The morning after Donald J. Trump was elected president, Kathy Fischer was greeted by her annoyed 15-year-old, Kelly. Election night was also a school night and the results were coming in slowly. Fischer, associate director of UConn’s Women’s Center, had promised she’d wake daughter Kelly after their candidate, Hillary Clinton, won.
But when Fischer told her daughter the actual results, Kelly was stunned. Trump had let it be known he would not support a progressive agenda, or one that supports women. And yet here he was elected the 45th president.
So, when word went out that there was a women’s march on Washington being planned for the day after Trump’s inauguration, Kathy Fischer signed up.
And early Saturday morning, Kathy, Kelly, and 13-year-old Gabrielle, joined Kathy’s twin sister, Kristin, on a bus in Middletown packed to the gills with women, men, and children anxious to make a show of force against what mostly likely will be coordinated and constant threats to social justice during Trump’s time in the White House. What started as a series of anguished post on Facebook became the Women’s March on Washington, one of the largest demonstrations in the nation’s capital.
With hundreds of thousands of others, they traveled to D.C. and spilled out onto streets packed with people, many of them in pink pussyhats, which were worn in protest of one of the new president’s more salacious comments about women.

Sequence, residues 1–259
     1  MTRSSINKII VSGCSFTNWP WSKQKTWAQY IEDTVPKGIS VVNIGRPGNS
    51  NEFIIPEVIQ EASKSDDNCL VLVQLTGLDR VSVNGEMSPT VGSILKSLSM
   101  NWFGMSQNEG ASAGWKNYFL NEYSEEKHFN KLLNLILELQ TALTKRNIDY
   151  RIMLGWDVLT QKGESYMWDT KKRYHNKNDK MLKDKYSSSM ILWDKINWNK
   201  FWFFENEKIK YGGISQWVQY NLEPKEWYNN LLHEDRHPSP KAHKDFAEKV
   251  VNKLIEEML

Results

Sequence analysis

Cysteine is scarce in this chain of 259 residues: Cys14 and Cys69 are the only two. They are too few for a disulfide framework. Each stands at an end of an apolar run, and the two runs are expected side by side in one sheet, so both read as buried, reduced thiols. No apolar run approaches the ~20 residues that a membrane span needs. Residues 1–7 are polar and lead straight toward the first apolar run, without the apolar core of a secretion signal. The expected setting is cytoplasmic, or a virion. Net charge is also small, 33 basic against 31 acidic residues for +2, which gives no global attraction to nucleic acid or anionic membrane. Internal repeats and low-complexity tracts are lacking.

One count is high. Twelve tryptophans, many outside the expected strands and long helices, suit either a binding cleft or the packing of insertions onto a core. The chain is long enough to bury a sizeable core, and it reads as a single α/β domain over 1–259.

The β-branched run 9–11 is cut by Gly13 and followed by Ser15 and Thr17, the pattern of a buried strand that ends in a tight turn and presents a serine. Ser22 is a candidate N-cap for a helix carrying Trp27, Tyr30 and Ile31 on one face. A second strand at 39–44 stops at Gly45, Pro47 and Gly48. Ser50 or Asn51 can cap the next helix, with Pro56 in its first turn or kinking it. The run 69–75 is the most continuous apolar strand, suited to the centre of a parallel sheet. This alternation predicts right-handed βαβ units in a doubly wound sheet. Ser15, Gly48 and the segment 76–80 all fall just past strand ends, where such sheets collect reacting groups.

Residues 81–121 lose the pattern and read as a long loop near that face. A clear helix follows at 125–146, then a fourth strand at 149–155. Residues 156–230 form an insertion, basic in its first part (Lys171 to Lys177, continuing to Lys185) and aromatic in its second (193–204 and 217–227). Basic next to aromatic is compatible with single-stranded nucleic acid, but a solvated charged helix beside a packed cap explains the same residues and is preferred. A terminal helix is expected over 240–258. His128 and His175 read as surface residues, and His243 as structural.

In fact, that comment inspired some of the day’s more creative protest signs, which included “Pussy Grabs Back,” “Tweet Women With Respect,“ and “Not Usually A Sign Guy But Geez.” One woman from California walked with a string of tiny plastic hands stretched on a red string held over her head.
To get to the epicenter of the march—the Capitol and the Capitol Mall—Connecticut marchers walked down Washington streets to the cheers of residents coming out of their townhouses to thank them for marching. Traffic cops thanked them. Taxi drivers thanked them. A woman who was working a trolley—that ran for free—teared up at one Connecticut contingent and thanked them. She said she’d wanted a pussyhat, and when one of the state’s organizers, Sarah Raskin, handed over hers, “she literally did a little dance saying we all had ‘touched her heart,’” said Raskin, Trinity College professor of psychology and neuroscience.
Organizers of the march expected 200,000. They got more than twice that many, and they were joined in sister marches around the world, including one in Hartford that drew 10,000, and another in Stamford, which at 5,000 marchers was four times larger than organizers expected.
The march was one of the first times, Raskin said, that she saw people understanding the connections between issues such as paid sick leave, economic justice, and racial disparity in our jails. “That really all this was about was equality and justice,” Raskin said. “Women’s Rights Are Human Rights, Black Lives Matter, Love Is Love Is Love, We Are Here to Stay are not separate identity issues but synonyms, examples for the words justice and equality.”
The march, she said, “was a gathering of people who choose both hope and action. People were friendly, quickly bonding with strangers, helping each other out, laughing and sharing stories. And without question, the phrase I heard more than any other was ‘This is not a moment, it’s a movement.’”
More than 4,000 Connecticut residents rode to D.C. on 80 buses. Who knows how many more traveled on trains and in cars? National organizers are trying to get a head count. People who attended any of the marches can text “Count me” to 89800.
So now, the real work begins. Most of us couldn’t get close enough to the stage to hear anything but muffled words, and that’s OK. What we traveled for, and what we brought back, was fire in the belly. Swords up, ladies.
Susan Campbell is a distinguished lecturer at the University of New Haven. She can be reached at firstname.lastname@example.org.